Jim Harbaugh has already failed miserably at one of his stated objectives.
“Not striving to be creating any buzz. Just striving to coach the football team,” Harbaugh said at last month’s Big Ten Media Days. “Not trying to be popular or anything. Anyone who is popular is bound to be disliked. So just coaching football.”
Not striving to create any buzz? Consider that mission unaccomplished, as Harbaugh has done nothing but create buzz since taking the Michigan head coaching job this past winter. He's played the piccolo. He's played football shirtless. He's thrown out the first pitch at a Tigers game. He's visited a French McDonald's.
Returning to his alma mater has put all eyes on him, a coach who turned Stanford into a perennial contender and took the San Francisco 49ers to a Super Bowl. Throw in his unique personality that’s produced a must-follow Twitter account, and Harbaugh is making headlines seemingly every time he blinks his eyes this offseason.
Harbaugh’s return to college football has made him the sport’s biggest celebrity.
"When he first took the job and was here in January, I didn't know how much of a celebrity he really was, as far as like he was on 'Saved by the Bell' and things like that,” linebacker James Ross III said. “Once I got used to it, I knew that he does that but he's not a guy who thrives on it, he doesn't have to have that. But he's a funny guy, so people want to talk to him, and I understand that.”
Yeah, if you weren’t aware of that fact, Jim Harbaugh was on “Saved by the Bell.” Now you know why he’s creating so much buzz.
But that buzz is just as much based in football as it is in all of Harbaugh’s off-the-field shenanigans. Michigan is in dire need of a savior after seven mostly mediocre seasons under Rich Rodriguez and Brady Hoke. Last year’s stumble to a 5-7 finish was excruciating to watch from afar, with a new public relations screw up or serious student-athlete health concern cropping up each and every week. Fans were so fed up with athletics director Dave Brandon that they picketed the university president’s house. Both Hoke and Brandon were gone by season’s end.
Just once in the past seven seasons have the Wolverines won more than eight games. Three of the past seven seasons have ended without bowl appearances. That’s not the kind of thing people are used to at Michigan.
Enter Harbaugh, who has the task of turning things around. And the reason there’s so much buzz is because many are convinced he’ll have little trouble doing it. He’s been mighty successful at past coaching stops, and he has the brand power of Michigan to attract top recruits.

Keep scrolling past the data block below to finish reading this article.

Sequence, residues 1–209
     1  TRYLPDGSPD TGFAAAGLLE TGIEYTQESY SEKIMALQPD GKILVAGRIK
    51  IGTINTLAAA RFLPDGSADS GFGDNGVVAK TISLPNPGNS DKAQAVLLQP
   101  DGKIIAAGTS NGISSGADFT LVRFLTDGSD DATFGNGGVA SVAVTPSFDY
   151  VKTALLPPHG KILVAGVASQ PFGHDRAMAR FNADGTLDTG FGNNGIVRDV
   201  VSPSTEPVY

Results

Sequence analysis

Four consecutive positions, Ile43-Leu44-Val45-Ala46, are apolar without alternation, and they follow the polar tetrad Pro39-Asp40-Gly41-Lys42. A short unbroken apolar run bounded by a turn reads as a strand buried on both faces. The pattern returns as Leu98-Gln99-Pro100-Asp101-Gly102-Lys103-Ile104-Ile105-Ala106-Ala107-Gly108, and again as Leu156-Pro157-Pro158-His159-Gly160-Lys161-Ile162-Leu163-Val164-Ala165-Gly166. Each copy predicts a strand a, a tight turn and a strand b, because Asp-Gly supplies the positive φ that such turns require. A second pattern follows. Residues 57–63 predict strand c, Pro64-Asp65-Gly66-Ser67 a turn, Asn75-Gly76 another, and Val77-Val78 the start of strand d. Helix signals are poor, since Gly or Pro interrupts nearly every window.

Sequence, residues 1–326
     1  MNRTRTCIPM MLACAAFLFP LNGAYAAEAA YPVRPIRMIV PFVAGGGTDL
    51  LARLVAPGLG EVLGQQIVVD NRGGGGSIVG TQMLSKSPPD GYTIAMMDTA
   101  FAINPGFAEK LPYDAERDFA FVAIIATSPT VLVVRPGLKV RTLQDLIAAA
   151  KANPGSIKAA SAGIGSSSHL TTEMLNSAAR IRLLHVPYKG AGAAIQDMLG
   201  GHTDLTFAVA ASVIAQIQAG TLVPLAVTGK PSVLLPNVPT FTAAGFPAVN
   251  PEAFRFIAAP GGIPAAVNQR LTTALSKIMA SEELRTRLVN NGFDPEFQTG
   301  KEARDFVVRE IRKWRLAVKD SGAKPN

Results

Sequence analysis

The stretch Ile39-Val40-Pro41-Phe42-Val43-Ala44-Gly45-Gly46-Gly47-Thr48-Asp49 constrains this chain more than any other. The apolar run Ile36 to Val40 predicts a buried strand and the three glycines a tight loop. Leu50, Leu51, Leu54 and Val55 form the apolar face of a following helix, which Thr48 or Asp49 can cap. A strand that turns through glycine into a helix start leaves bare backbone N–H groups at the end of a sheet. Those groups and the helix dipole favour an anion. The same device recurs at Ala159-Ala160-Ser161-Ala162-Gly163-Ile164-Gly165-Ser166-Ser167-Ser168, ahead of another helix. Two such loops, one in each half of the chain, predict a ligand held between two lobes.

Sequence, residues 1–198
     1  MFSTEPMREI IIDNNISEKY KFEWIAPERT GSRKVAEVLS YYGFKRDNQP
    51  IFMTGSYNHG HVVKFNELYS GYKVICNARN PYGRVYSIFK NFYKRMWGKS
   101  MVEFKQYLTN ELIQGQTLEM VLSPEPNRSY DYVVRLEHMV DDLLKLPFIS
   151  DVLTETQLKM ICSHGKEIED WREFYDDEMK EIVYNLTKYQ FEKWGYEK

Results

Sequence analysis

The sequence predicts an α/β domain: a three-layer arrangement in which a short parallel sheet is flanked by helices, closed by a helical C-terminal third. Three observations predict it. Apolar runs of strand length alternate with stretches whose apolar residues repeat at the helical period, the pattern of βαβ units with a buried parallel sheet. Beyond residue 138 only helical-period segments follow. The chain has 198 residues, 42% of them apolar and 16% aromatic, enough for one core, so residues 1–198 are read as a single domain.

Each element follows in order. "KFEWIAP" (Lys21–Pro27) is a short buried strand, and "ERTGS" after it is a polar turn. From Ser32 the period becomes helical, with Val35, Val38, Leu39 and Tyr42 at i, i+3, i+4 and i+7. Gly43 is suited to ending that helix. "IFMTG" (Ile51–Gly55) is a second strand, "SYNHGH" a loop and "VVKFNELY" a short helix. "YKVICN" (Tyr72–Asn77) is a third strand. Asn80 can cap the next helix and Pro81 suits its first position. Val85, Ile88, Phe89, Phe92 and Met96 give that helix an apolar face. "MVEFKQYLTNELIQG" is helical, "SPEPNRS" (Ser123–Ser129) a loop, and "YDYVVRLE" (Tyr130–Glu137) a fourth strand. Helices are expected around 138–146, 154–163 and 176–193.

The question, though, is how fast Harbaugh can make this fix.
Handed a roster full of players who were around for a combined 20-18 record in the past three seasons, is Harbaugh’s presence alone enough to turn mediocre Michigan back into conference-power Michigan?
There are position battles at quarterback and running back, meaning we don’t know what to expect. And even though last season’s defense was among the best in the country, it was pretty easy to see that that alone was not enough to win football games.
Even if Michigan avoids the public relations snafus and packs the Big House each and every Saturday, will the end result be much different than last season?
That remains to be seen. But what is clear is that Michigan’s players don’t want 2014 to happen again. And they appear to be very serious — just as serious as Harbaugh — about turning things around in a hurry.
“We have a great team … and this chip that we’ve got on our shoulder, this attitude because people forget, man: This is Michigan. And it’s always going to be Michigan. You can’t dwell in the past, whether you win or you lose. The past is the past. What you do going forward is what says a lot about you and your team,” cornerback Jabrill Peppers said last week at the team’s media day.
“Just doing what we’ve got to do to ensure that we don’t let another season go by where we say, ‘Oh, we could’ve done that better or we should’ve worked harder on this or I should’ve blocked a little longer on this play.’ Making sure all doubts are eliminated and giving max effort each and every play.”